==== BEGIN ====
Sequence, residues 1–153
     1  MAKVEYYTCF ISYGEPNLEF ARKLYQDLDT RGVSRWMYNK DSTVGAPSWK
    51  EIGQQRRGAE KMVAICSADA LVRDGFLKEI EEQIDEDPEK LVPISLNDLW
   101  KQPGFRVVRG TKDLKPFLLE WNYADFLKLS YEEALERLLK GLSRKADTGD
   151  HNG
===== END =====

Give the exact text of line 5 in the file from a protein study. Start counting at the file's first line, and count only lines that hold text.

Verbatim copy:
   151  HNG